Mumbai: Every year on 5th of June World Environment day is being celebrated for environmental awareness, public engagement and intervention to preserve our environment. With its theme ‘It’s Time for Nature’, 2020 W.E.D will be unique in the sense that the celebrations will be digital and online.

Columbia, in collaboration with Germany, would host this year’s world environment day as announced by the United Nations Environment Agency last year.

Our planet’s diverse and thriving ecosystem is venerable at different levels but simultaneously vulnerable to collapse. Sahara Desert which once was a lush green forest has become a desert, the Great Barrier Reef, off the coast of Australia is fast becoming dead and children born this generation may perhaps be the last ones to see a coral reef. ‘Living Planet’ report by the World Wide Fund for Nature (WWF) states that in the last 50 years Amazon rainforest has shrunk to 80% and we have lost 60% of all vertebrate wildlife population. The loss of invertebrate life has gone into the realm of the uncountable  that it can be expressed in only in biomass; a recent German study suggests that up to 75% insects’ biomass is lost, just in the last three decades.

Exploration of ecosystems gives us awe inspiring interactions honed by millions of years of evolution, yet the fittest who survived the test of nature is not fit enough to pull through the industrial onslaught of the last few decades. This vast knowledge of evolution is being deleted from the face of earth in an ever accelerating and unprecedented level qualifying enough to be called – “Burning the library of life”. This huge reduction in biodiversity since the emergence of humans is now on the scale of another mass extinction so much so that a geological name was awarded – The Anthropocene extinction.

When it comes to biodiversity loss, climate change takes the driving seat, with its long list of environmental impacts. Biodiversity in an ecosystem is more important  than we intuitively assume, rare species that are even not in the radar of humans also play an essential role in balancing the delicate ecosystem. An ecosystem’s resilience to anthropogenic avalanche factors rests in its diversity. How many of us have ever learned that spider monkeys play a crucial role in mitigating the effects of climate change, by being important dispersers of the seeds of many hardwood trees in tropics which have an extraordinary capacity for carbon sequestration.

Biodiversity is built out of three interdependent pillars – the diversity of ecosystems, species and genes. The more interlaced they are, the more robust the web becomes and the loss of one or two organisms does not do any harm to the ecosystem. Biodiversity is clearly a vital statistic for any flourishing ecosystem and an insurance against its collapse.

However, the ecosystem’s resilience to the absence of certain species does not hold true in any environment; removing only one species leads to the collapse of the entire ecosystem, say the corals, destroy them, and the entire gamut of organisms associated with them are wiped out, these are known as the keystone species. This is exactly why a concerted and organised effort should be put to preserve ecosystems and its diversity. Anthropogenic interventions in nature may have immediate and unintended consequences too, loss of habitats and encroachments can unleash novel diseases like the COVID19. As the permafrost and Ice melts at higher latitudes due to climate change and the warming, viruses which were dormant and hidden beneath the dense sheets of ice wakes up; coupled with the antimicrobial resistance that is plaguing the medical world now, only time will tell how deep the rabbit hole goes.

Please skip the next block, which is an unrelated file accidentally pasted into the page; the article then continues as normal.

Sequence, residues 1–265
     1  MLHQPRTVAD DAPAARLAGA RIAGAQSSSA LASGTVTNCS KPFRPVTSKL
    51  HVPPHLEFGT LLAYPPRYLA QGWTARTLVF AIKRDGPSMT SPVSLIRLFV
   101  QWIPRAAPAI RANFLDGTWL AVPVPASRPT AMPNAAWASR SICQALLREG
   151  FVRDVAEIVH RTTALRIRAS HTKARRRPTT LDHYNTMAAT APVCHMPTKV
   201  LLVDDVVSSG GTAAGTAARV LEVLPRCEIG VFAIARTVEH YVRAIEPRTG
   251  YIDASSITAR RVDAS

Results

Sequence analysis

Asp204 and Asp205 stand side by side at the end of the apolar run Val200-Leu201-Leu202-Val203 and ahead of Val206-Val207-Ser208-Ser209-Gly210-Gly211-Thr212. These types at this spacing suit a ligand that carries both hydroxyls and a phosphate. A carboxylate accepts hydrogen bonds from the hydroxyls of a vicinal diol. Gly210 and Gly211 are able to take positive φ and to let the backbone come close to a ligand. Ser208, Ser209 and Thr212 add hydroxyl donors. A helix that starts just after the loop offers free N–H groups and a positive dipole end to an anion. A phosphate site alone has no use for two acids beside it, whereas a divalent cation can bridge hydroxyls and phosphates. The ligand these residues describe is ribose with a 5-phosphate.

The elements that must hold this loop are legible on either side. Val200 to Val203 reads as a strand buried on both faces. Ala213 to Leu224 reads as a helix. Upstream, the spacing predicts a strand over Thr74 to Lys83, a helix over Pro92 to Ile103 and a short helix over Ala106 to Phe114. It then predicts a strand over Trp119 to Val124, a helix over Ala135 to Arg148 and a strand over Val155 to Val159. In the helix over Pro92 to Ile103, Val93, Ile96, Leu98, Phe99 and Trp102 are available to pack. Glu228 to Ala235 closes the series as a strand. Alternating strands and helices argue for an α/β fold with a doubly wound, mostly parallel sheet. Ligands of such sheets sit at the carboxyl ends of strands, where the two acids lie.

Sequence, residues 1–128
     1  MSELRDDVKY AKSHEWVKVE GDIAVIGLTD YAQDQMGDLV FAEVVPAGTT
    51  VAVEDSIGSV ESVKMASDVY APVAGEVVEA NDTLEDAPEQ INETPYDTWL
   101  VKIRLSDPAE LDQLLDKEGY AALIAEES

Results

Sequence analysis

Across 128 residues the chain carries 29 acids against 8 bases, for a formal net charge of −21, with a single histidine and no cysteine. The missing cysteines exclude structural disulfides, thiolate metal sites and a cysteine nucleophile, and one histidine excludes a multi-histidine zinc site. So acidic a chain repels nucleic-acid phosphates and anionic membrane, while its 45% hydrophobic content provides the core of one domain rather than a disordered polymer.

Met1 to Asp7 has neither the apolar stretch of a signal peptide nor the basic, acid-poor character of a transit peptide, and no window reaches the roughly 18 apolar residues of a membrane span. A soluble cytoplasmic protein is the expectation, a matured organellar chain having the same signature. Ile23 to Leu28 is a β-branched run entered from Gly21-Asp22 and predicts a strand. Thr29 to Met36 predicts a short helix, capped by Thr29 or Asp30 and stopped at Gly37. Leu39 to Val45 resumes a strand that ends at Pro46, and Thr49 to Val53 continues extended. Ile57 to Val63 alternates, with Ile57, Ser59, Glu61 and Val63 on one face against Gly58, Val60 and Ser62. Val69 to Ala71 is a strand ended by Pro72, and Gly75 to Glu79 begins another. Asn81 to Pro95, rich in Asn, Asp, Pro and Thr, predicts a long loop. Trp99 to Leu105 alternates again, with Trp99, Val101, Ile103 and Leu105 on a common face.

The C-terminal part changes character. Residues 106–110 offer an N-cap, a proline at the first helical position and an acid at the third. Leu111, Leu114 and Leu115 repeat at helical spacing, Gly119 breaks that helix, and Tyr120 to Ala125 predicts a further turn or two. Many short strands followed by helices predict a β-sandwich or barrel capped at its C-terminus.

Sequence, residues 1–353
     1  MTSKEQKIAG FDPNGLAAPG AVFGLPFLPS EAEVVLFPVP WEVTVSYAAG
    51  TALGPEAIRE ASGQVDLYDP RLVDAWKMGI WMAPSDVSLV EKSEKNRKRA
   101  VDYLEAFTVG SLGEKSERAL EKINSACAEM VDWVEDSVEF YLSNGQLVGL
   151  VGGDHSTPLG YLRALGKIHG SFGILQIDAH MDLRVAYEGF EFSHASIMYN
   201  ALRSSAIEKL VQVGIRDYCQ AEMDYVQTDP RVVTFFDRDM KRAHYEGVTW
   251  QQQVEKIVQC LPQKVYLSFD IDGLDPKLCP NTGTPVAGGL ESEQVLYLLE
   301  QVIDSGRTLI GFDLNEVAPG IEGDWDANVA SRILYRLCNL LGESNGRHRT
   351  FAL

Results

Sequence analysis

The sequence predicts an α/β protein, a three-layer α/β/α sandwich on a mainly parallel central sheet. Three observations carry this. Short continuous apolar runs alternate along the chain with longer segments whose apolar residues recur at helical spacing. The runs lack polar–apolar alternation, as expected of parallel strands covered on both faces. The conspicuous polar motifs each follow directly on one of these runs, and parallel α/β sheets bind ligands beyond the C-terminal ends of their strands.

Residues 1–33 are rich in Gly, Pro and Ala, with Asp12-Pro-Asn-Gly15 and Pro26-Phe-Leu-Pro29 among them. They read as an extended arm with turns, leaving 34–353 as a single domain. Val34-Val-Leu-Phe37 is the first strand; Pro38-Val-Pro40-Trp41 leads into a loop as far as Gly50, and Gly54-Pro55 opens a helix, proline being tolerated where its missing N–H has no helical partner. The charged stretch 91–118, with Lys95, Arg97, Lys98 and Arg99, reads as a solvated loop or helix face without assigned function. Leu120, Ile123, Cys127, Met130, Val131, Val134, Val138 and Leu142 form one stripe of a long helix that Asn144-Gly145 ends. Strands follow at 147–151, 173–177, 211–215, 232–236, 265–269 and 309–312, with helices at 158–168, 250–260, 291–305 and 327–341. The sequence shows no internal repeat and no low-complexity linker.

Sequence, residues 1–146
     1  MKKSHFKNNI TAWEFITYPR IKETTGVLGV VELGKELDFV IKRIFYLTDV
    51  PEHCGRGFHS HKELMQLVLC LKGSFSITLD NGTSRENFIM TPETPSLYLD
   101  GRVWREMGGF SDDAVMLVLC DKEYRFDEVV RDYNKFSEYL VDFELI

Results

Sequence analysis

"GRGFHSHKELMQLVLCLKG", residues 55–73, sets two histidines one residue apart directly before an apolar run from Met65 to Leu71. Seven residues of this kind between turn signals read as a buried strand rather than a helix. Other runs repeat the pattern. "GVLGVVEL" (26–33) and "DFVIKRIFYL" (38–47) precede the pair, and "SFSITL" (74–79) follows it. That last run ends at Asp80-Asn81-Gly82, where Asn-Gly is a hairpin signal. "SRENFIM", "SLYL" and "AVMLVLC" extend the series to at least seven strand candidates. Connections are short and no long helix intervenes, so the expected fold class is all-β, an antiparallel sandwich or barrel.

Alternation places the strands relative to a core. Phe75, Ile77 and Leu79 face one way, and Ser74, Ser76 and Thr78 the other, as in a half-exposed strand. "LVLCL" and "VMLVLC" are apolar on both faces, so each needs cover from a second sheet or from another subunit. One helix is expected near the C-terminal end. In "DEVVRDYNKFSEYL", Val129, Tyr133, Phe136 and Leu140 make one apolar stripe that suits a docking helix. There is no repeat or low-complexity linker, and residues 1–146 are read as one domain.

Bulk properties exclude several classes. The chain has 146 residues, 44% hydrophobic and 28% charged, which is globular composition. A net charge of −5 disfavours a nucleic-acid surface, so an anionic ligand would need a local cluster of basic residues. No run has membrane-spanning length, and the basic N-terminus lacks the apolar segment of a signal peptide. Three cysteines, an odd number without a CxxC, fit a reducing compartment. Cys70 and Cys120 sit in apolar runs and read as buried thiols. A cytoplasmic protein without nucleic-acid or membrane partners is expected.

While we may be the last generation to see the corals, we are also the first generation that has the clear picture of the value of nature and the enormous impact we have on it. Nature provides services worth around US$ 125 trillion a year globally, to be put on monetary terms. Never in the history of this planet has one species ever possessed the knowledge and technology necessary to restore the delicate balance of the environment that it  lives in.

The United Nations General Assembly has declared 2021 – 2030 as the UN Decade on Ecosystem Restoration, which aims for an unprecedented intergovernmental effort to restore the lost worlds. The Government of India is one of the countries to act very early on climate change. The National Action Plan of climate change with its eight missions form the backbone of our climate change policy. India’s Intended Nationally Determined Commitments submitted to the United Nations Framework Convention on Climate Change is unparalleled for any developing country, we have pledged to reduce the emission intensity of our gross domestic product by 33-35 per cent over 2005 levels by 2030 which means that for every additional rupee of our GDP requires progressively lesser and lesser amount of energy spent.

DV Vinod Kumar. The author is an officer of the Indian Information Service.

The future is not bleak yet, what lies ahead of us is a clear roadmap of what to do and what not to. The COVID pandemic and the ensuing lockdown have shown us how nature bounced back when given an opportunity, this is the promise that nature gives us and that’s our only hope.